FEMA Increases Small Project Maximum to $1M
FEMA Increases Small Project Maximum to $1M
What are the benefits and risks?
Within the PA program, FEMA classifies projects as "small” or "large.” Typically, a small project is easier to review because of less complicated documentation requirements. For example, the recipient/subrecipient can provide photo or other evidence of the damage, repairs, final results, and proof of payment for work completed. Desk, rather than field, reviews can be done, leading to faster reimbursements.
By contrast, large projects require more detailed documentation because of the extended time necessary to complete permanent repairs. A grant recipient’s procurement process is key, especially for contract work that must be in compliance with federal regulations. It is critical that grant recipients have an approval process for construction and other projects over $100,000, including requirements for competitive bidding. Partial reimbursements are disbursed as the project proceeds. Also, grant recipients must have a system for monitoring large projects and complete regular progress reports.
The new threshold seeks to streamline processes in order to facilitate quicker distribution of recovery funding for small communities and nonprofits. It applies to all projects under major disasters and emergencies declared on or after Aug. 3, 2022, and to all unobligated PA projects in major disasters and emergencies declared between March 13, 2020 and Aug. 3, 2022.
What are the benefits?
The new threshold seeks to streamline processes in order to facilitate quicker distribution of recovery funding for small communities and nonprofits. Benefits to the new change include:
- Less administrative burden. A greater number of PA projects will be classified as small and will fall under “simplified procedures” under the Stafford Act. This will reduce the administrative burden for FEMA, recipients, subrecipients as well as speed up the recovery process.
- Greater participation. These changes provide an incentive for more participation from local communities with less resources who were previously discouraged by the bureaucracy.
- Faster payment. Payment of the small project Federal share is made to the recipient upon approval of the project rather than after the recipient submits documentation of costs (as is required for large projects.)
Are there risks?
While this increase in the small project maximum may help small rural and other communities with fewer resources to handle the administrative burden that comes with federal grants, there is also greater potential for fraud, waste and abuse:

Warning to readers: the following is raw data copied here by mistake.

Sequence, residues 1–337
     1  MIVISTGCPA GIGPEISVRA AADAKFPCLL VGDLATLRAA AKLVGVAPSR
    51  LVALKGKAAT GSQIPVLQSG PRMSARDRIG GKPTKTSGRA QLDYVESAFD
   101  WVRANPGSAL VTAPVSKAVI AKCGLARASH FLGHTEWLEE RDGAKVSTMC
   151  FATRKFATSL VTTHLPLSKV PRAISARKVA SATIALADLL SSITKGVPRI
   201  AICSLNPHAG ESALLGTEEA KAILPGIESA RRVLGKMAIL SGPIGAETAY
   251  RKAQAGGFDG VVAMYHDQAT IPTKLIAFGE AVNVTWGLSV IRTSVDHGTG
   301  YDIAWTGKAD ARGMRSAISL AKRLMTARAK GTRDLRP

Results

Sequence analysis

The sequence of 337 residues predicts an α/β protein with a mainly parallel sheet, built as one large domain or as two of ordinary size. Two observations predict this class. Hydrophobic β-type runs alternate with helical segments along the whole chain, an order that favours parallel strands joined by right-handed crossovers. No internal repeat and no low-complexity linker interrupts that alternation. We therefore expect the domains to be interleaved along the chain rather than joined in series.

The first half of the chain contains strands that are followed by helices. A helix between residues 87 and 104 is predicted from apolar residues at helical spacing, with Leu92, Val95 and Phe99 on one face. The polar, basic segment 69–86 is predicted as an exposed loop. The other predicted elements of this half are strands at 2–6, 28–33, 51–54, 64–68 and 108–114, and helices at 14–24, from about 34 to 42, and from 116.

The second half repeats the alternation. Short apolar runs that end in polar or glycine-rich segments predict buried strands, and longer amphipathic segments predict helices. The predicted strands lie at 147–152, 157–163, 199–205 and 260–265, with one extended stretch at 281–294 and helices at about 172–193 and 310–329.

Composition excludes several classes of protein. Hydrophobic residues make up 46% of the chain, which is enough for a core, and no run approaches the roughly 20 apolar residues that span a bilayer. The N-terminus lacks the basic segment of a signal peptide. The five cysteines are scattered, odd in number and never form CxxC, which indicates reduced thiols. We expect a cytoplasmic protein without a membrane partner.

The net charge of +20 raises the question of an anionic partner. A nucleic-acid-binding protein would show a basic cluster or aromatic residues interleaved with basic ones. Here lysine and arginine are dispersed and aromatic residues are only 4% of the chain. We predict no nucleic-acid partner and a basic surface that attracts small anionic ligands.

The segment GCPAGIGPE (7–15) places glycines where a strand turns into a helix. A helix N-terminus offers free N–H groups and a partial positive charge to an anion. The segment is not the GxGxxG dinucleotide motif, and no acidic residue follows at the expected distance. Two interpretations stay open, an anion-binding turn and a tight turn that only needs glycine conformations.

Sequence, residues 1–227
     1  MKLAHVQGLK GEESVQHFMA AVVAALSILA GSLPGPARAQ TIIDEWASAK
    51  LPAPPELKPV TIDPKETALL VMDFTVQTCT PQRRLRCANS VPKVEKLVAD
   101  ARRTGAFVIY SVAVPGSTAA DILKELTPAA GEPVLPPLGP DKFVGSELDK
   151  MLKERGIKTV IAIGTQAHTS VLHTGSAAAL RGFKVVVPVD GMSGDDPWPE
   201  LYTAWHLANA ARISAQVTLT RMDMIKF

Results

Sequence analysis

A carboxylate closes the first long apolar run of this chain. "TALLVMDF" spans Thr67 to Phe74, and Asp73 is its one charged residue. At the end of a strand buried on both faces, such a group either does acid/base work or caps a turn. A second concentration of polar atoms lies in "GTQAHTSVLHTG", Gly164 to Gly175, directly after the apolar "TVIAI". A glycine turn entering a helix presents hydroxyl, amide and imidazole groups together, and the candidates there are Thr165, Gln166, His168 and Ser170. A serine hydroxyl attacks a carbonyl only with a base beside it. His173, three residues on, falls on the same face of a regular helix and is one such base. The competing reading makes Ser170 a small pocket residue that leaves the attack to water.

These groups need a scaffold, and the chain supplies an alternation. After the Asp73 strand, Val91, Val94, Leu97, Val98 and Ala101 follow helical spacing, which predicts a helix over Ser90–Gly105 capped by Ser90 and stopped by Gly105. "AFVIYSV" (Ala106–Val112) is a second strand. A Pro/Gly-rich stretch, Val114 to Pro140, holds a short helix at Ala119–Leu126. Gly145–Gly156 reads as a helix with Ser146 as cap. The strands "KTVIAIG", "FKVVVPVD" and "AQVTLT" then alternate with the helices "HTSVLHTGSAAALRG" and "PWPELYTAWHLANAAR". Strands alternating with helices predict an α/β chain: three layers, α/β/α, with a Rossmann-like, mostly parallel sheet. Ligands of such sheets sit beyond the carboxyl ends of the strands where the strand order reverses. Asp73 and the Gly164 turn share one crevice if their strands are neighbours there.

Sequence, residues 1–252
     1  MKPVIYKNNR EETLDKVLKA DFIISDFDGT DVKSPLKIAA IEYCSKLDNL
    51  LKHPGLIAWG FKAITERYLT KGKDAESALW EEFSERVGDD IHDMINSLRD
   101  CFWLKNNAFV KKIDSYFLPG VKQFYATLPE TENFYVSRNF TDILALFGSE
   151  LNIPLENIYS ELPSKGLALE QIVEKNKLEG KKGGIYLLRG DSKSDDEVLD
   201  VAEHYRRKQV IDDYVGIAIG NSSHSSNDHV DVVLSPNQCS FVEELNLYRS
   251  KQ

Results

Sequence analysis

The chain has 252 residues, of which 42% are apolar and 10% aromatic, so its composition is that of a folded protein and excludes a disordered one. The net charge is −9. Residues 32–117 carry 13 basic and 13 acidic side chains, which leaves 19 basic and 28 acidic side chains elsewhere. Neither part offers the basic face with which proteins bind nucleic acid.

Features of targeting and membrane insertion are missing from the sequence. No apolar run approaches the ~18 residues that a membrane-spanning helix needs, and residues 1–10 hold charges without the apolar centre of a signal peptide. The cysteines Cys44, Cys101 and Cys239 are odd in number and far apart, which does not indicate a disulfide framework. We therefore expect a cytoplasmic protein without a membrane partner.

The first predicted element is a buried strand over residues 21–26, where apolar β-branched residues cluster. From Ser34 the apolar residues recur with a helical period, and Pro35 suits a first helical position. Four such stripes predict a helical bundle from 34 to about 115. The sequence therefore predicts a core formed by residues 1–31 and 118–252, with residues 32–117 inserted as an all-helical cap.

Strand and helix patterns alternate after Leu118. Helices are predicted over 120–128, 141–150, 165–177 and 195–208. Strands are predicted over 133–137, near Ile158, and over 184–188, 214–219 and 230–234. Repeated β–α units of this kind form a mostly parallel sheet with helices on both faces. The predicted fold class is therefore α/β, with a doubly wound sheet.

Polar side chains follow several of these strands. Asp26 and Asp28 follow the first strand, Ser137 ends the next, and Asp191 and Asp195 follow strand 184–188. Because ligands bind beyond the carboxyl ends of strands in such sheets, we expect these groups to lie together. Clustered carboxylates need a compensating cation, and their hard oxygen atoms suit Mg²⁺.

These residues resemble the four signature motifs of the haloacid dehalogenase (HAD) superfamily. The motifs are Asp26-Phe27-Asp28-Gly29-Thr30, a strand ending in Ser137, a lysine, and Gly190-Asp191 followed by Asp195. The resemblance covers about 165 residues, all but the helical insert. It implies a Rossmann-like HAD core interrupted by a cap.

- The usual controls to ensure compliance for large projects may not be required or enforced for these redefined small projects .
- While FEMA will be able to focus on the “largest” projects, there will be greater pressure on states to monitor the increased number of “small” projects.
- Recipients (usually states) must become more aware of subrecipients who need greater assistance and training.
- Recipients and subrecpients who do not have knowledgeable staff or sufficient resources to administer and properly monitor grants risk disallowance of costs in later audit findings and later de-obligations or “clawbacks.”
- Less monitoring and oversight, even in agencies with sufficient resources, may experience fraud leading to losing federal funding and criminal referrals.
A note of caution
Many medium to large state and local government agencies are prepared to adapt to this change; however, hospitals, public housing authorities and other community non-profit organizations may not be. Many of these community organizations encountered the FEMA public assistance grant process with its steep learning curve for the first time during the pandemic. It is critical that they continue to gain an understanding of the nuances of PA program and stay aware of frequent shifts in “disaster specific guidance.”
There may be other impacts from other existing statutes and regulations. PA recipients should be mindful that major changes sometimes have unintended consequences. As implementation proceeds, it will be important to watch for additional policies and updated guidance.
About the Author
Jim serves as Director in BDO’s Community Resilience Advisory Services where he advises states, territories, tribes, and community-based organizations how to anticipate, prepare for, respond to, and adapt to incremental change and sudden disruptions so they can continue to provide critical services. He previously worked with the U.S. Department of Homeland Security Office of Inspector General (OIG) where he led audits of disaster assistance grants pursuant to the Stafford Act in accordance with GAGAS for Federal Emergency Management Agency (FEMA) Public Assistance (PA) and Hazard Mitigation Grant Program (HMGP) recipients and sub-recipients in Louisiana, Indiana, and New Mexico. Jim’s key published audit reports include the Louisiana Superdome Sheltering and Repair Activities, and the Management of Hazard Mitigation Funds for the State of Louisiana after Hurricanes Katrina and Rita.